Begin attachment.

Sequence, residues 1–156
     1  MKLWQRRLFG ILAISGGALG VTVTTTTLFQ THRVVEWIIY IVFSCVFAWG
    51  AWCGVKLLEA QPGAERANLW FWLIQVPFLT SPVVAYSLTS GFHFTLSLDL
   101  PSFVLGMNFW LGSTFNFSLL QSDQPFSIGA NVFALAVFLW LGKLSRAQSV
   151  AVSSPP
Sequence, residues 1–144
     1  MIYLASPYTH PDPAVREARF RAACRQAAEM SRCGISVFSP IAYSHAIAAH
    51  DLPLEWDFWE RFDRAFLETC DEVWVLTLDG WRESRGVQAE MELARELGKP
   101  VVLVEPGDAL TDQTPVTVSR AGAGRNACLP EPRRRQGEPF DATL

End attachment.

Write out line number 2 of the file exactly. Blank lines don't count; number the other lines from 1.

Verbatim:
     1  MKLWQRRLFG ILAISGGALG VTVTTTTLFQ THRVVEWIIY IVFSCVFAWG